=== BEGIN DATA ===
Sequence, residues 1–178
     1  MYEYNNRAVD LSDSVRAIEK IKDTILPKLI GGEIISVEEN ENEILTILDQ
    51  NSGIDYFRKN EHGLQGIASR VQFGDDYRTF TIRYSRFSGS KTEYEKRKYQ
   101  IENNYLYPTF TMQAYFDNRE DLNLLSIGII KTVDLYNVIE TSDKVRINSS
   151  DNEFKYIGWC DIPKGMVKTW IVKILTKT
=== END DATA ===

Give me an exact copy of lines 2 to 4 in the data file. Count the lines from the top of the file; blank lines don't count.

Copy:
     1  MYEYNNRAVD LSDSVRAIEK IKDTILPKLI GGEIISVEEN ENEILTILDQ
    51  NSGIDYFRKN EHGLQGIASR VQFGDDYRTF TIRYSRFSGS KTEYEKRKYQ
   101  IENNYLYPTF TMQAYFDNRE DLNLLSIGII KTVDLYNVIE TSDKVRINSS